To make their digital offering more attractive, companies need to look at their customers not as a homogenous body anxiously waiting to be digitally transformed, but as four distinct groups, each requiring their own unique approach.
By Ori Faran, founder and CEO of CallVU
In this blog, I look at the four personalities of digital transformation, starting with the highest level of technology proficiency. For simplicity sake, I’ve named them Obsessed, Active, Aware, and Reluctant.
Highly technically oriented people tend to be classic early adopters, quick to embrace the latest and the greatest. They download any app they think is cool and explore its nooks and crannies. Tech-Obsessed people seldom become long-term loyal customers as they are always on the look-out for the next thrill. If you want a constant stream of the Tech-Obsessed to visit you via your digital services, you had better be prepared to keep offering new and interesting content and features.
Typically in their mid-30s to early-50s, Tech-Active people try to do everything online – and that includes shopping for groceries, buying airplane tickets, and signing up to see the doctor. These people haven’t walked into a bank branch in years and prefer to engage their service provider via digital channels. Do you want to attract the Tech-Active demographic? It’s all about user experience (UX). They will become customers and stay loyal for as long as they can enjoy the ride.
People above 50 years of age tend to fall in the Tech-Aware category. Having owned PCs for decades (they may even have been Tech-Obsessed themselves 20 years ago), these people are major digital users. They come equipped with smartphones and spend time nurturing their Facebook account – but still value the “human touch” when it comes to their financial portfolios and customer service, but for other things, digital is just as good. To attract and keep the Tech-Aware, you need to establish real value in the digital interaction.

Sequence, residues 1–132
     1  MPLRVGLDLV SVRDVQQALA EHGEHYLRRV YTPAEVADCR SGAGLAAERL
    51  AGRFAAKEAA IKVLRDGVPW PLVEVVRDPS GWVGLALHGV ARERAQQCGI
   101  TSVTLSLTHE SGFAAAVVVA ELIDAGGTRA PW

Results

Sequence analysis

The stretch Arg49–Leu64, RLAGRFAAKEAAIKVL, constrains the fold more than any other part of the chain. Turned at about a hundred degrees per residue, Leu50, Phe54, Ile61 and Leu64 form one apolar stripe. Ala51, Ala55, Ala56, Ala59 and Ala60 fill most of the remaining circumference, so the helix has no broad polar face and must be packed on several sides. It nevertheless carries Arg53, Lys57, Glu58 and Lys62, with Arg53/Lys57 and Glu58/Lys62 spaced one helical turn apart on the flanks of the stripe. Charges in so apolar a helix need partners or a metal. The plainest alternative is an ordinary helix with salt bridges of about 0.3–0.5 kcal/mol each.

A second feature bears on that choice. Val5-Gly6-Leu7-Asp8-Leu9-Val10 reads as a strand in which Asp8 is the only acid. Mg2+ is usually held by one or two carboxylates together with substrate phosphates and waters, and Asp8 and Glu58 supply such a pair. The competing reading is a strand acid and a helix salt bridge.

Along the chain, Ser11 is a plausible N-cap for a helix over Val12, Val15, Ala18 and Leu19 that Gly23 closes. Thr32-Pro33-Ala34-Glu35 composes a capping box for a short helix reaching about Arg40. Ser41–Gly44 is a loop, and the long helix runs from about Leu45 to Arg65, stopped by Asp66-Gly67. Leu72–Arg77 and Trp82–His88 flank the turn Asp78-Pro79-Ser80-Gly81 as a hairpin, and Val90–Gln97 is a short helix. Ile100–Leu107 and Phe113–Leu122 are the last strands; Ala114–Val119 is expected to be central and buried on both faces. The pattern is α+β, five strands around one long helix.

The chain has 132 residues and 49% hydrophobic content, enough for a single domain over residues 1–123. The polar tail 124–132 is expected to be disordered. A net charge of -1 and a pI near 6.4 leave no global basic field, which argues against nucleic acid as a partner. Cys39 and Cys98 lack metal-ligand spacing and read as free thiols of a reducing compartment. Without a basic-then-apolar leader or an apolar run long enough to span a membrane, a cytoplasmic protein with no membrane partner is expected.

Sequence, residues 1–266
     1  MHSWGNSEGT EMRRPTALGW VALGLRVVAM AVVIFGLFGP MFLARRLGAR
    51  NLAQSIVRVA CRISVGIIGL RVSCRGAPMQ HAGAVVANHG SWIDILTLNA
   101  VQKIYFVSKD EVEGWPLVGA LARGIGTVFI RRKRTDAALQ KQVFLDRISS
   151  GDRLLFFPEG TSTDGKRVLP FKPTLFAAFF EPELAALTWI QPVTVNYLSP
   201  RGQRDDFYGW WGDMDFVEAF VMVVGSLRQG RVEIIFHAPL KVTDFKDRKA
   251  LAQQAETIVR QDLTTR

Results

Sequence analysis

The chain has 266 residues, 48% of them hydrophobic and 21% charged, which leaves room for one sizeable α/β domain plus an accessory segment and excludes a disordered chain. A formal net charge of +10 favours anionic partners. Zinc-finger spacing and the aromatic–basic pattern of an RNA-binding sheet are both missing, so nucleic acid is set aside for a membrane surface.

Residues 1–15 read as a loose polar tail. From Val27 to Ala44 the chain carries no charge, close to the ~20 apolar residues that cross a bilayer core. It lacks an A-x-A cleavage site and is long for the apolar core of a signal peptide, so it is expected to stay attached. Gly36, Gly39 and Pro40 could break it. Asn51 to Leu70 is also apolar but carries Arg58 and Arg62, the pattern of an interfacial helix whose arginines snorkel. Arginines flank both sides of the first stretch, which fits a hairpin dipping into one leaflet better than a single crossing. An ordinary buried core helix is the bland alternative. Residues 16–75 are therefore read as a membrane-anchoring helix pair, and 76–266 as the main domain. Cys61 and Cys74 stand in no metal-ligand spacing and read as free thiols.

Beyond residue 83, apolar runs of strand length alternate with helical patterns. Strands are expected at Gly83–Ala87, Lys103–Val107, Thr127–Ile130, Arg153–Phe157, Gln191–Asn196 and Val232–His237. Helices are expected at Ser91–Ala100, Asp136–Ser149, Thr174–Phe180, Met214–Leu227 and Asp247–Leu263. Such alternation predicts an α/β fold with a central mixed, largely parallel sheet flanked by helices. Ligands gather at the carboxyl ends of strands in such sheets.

People of all ages, especially those not overly familiar with technology, are reluctant to change from the “tried and true” ways of the past. They don’t understand technology or simply don’t trust it. “What’s wrong with using a phone call to a real person?,” they might ask. Typically, the Tech-Reluctant don’t fret over a social profile and, if they do, there is just one such network, usually Facebook. With proper guidance and lots of interaction, Tech-Reluctant people can be persuaded to use specific digital channels, at least for simple tasks like checking their bank account balances, topping up their data plan and paying the electric bill.
Advice for Successful Digital Transformations
Many companies cater to a wide variety of people and wish to provide a combination of digital channels that will attract and keep customers of all types. What should these companies do?
- Invest in digital channels. If you don’t, your competitors will and you will lose your most valued assets – your customers.
- Improve the customer journey. Pay careful attention to simplicity of the interactions and continue to tweak over time. The user interface is most critical component – make it attractive and efficient and continue to add self-service capabilities that appeal to the Tech-Active and Tech-Aware
- Balance the digital channels. Enable customers to select from multiple channels, also known as omni-channel, and ensure the same high level of service across all channels. Nobody should feel punished for the channel used so users should also have the ability to stop the process in one channel and to pick it up in another.
- Adopt tools and strategies that transform non-digital interactions into digital. Offer users simple ways to resolve low-value requests without tying up human resources. Stay in close contact with your customers to find out what they do and don’t like about your digital offering and adopt a digital approach that presents service options according to personal preference.
- Let your service agents become digital-transformation champions. Invest in agent-side tools and train your contact-center staff to participate in the transformation process. Empower agents with advanced tools that improve the user experience across all channels of the interaction.
>> This article first appeared on FintechFutures. Click here to read the full text